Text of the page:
Being a Good Business
More and more we are seeing the emergence of Good Business. Businesses who want to do things differently to the norm and make a difference to society It is heartening. But what constitutes being a Good Business? Here are a few points to consider:
That Good Business Feel
Most HR professionals get that certain ‘feeling’ as they walk through door of the corporate office. Does this business feel good……or not!
We see it in the faces of the workforce, the welcome we receive, the set up of the staff areas, the messages on the corporate TV – the atmosphere. As we delve down deeper – we can feel it in the decision making processes, the promises that have been made by leaders and the way that senior leaders engage (or don’t) with their workforce.
Start at the Top
Who’s at the very top? It’s obvious that they set the agenda and the behaviours and that their approach permeates throughout the business. Good or bad, Leaders tend to get the business they deserve.
Good Business Leaders have a solid business plan – but it is not all about money. They also care about the community they live in, the people they employ and that their customers are genuinely satisfied with their product. They have a good heart and a passion for those they serve.
Good Businesses recognise the importance of regular engagement. Leaders who don’t want to engage with their people will never win their hearts and minds. It’s a two way street. Good Businesses listen to their people and take action on their opinions and requests for change. When the business wants to make change they get a good payback.
Good Businesses enable decision making at the optimum level. The level of trust in these businesses allows people at all levels to understand what decisions they can make and what needs to be escalated. That leads to job satisfaction.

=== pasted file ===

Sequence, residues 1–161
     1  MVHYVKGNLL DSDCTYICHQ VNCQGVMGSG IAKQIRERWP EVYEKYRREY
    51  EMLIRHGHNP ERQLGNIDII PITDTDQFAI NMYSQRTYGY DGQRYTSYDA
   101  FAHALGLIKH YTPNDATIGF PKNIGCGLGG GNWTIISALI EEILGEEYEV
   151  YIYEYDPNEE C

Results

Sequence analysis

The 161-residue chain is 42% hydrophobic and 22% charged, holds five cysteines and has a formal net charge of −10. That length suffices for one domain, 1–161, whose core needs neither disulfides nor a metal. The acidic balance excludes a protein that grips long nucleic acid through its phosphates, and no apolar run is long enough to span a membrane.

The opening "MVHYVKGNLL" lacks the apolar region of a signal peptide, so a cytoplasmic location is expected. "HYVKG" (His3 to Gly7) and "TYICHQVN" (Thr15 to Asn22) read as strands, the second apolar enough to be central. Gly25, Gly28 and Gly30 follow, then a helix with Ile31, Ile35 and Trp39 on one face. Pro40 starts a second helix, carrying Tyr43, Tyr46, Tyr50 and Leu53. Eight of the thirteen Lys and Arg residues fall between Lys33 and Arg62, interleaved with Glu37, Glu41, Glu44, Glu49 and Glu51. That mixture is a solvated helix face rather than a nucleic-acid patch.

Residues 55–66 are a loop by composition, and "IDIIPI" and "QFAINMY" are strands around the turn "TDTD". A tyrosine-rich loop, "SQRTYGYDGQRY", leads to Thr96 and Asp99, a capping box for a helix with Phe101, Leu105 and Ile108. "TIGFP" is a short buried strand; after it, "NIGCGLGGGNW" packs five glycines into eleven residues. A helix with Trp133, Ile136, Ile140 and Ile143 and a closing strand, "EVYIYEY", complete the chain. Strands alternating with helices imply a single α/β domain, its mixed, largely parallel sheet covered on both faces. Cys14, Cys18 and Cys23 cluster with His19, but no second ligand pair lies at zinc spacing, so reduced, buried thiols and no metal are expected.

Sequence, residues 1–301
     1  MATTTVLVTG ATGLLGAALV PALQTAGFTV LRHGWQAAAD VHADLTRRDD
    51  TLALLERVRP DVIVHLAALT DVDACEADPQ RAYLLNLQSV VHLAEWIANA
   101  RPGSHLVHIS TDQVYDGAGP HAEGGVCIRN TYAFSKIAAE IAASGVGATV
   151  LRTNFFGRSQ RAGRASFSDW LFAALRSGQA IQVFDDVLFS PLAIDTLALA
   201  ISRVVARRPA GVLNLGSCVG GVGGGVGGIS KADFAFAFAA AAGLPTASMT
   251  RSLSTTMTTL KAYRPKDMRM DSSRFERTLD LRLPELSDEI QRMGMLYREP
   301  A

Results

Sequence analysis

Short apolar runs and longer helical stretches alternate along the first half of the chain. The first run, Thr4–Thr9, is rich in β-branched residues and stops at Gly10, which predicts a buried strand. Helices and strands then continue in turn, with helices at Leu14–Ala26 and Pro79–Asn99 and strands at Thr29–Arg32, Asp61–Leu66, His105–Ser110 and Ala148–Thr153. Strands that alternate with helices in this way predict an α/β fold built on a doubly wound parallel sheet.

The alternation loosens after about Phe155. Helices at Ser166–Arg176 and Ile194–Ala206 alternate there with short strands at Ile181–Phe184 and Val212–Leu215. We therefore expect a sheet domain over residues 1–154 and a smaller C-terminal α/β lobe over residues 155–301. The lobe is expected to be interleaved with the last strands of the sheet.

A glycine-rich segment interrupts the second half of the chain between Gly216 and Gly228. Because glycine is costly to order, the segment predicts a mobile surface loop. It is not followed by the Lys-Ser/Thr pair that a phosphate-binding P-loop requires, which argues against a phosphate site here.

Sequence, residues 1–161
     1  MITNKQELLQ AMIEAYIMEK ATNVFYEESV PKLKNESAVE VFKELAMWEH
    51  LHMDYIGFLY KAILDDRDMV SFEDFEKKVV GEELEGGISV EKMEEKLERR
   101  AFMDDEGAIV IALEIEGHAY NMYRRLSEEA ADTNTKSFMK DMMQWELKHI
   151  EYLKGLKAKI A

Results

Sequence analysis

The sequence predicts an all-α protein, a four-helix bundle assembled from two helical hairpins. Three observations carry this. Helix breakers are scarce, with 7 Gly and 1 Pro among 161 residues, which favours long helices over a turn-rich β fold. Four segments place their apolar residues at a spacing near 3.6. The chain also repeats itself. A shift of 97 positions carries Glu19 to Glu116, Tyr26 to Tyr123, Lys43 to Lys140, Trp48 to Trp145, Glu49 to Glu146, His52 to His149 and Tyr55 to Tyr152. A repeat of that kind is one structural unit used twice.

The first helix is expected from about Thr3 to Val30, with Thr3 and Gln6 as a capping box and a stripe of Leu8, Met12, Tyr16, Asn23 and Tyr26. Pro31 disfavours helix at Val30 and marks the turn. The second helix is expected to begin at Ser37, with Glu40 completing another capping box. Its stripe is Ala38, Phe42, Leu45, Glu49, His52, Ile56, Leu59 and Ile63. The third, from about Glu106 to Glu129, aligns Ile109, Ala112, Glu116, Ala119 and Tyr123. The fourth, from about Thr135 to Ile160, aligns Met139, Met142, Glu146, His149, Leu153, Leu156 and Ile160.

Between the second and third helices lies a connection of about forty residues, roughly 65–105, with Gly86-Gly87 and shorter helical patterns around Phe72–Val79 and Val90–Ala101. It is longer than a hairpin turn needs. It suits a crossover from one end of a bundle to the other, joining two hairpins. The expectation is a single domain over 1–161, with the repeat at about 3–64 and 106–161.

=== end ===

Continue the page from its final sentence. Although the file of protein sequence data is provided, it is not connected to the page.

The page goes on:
A rule of thumb is that generally, (and I say generally – because you will always get the odd complainers) businesses get the glass door reviews they deserve too. Candidates read reviews about your business before accepting an offer so it’s best for Leaders to face up to what reviews are pointing out as it’s valuable evidence for change
Gender Pay Gap
There are oodles of reasons for the gaps that are being reported. We need change both inside businesses and outside, in society, with the help of Government.
Research conducted by Business in the Community found 92% of female respondents would use gender pay gap data to choose between two potential employers. That means that good businesses who address pay gaps as soon as possible, will attract the best female workers going forward.
A Good Business leader will put in place a plan for change and keep the promises he or she has made
A Blog isn’t blog unless we mention Millennials
Report after report shows Millennials are very willing to contribute to worthy causes. In fact, they care very much about ‘non-profit’ causes. Businesses are therefore changing their tune to attract them as both customers or workers.
When it comes to choosing the Leaders that they work for, “Authenticity” matters deeply to them. They want to know the how they are helping customers through their work and they love a personal connection with a good cause. It’s not just about the money.
In a Good Business, corporate social responsibility is not seen by leaders as PR exercise giving for the annual accounts look good. Leaders who really care about society will look for projects that they can fund in the community that have a real connection with their own product. They will utilise their funds to harness the support of their people to get involved and make the world a slightly better place to live.
When it comes to Good Business, sometimes it’s doing good work for others – work that has no significant revenue payback, but shows that you and your people actually care about society – that really gets noticed by customers old and new.
Finally, our experience is that the difference between an average Employee and a Great Employee is the Employer. If you want great people delivering great service to customers then join the growing revolution doing ‘good’ business.
The Change Directors work with organisations who want to ensure they are a valuable part of society. We help them to understand how the world around us is evolving, what this means for their business and their people in the future so that they prosper and grow.